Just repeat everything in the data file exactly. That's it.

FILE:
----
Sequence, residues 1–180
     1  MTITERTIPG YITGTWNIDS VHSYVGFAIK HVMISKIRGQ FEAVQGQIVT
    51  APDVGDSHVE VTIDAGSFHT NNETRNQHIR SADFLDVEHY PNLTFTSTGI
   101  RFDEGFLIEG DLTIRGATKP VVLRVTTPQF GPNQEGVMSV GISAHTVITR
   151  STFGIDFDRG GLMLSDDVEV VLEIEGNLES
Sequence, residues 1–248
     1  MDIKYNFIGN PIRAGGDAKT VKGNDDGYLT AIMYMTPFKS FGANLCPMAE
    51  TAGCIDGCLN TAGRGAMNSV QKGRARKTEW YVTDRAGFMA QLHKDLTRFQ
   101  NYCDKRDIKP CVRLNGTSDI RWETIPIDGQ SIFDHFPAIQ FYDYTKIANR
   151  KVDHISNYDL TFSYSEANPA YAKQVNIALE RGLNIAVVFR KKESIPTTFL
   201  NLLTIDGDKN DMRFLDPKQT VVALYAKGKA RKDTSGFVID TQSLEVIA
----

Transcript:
Sequence, residues 1–180
     1  MTITERTIPG YITGTWNIDS VHSYVGFAIK HVMISKIRGQ FEAVQGQIVT
    51  APDVGDSHVE VTIDAGSFHT NNETRNQHIR SADFLDVEHY PNLTFTSTGI
   101  RFDEGFLIEG DLTIRGATKP VVLRVTTPQF GPNQEGVMSV GISAHTVITR
   151  STFGIDFDRG GLMLSDDVEV VLEIEGNLES
Sequence, residues 1–248
     1  MDIKYNFIGN PIRAGGDAKT VKGNDDGYLT AIMYMTPFKS FGANLCPMAE
    51  TAGCIDGCLN TAGRGAMNSV QKGRARKTEW YVTDRAGFMA QLHKDLTRFQ
   101  NYCDKRDIKP CVRLNGTSDI RWETIPIDGQ SIFDHFPAIQ FYDYTKIANR
   151  KVDHISNYDL TFSYSEANPA YAKQVNIALE RGLNIAVVFR KKESIPTTFL
   201  NLLTIDGDKN DMRFLDPKQT VVALYAKGKA RKDTSGFVID TQSLEVIA